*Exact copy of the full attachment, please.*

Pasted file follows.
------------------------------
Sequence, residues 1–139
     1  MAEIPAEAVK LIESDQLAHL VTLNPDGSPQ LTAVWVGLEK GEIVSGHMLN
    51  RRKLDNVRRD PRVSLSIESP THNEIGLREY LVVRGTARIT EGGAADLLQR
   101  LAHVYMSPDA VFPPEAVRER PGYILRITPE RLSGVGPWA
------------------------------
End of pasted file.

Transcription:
Sequence, residues 1–139
     1  MAEIPAEAVK LIESDQLAHL VTLNPDGSPQ LTAVWVGLEK GEIVSGHMLN
    51  RRKLDNVRRD PRVSLSIESP THNEIGLREY LVVRGTARIT EGGAADLLQR
   101  LAHVYMSPDA VFPPEAVRER PGYILRITPE RLSGVGPWA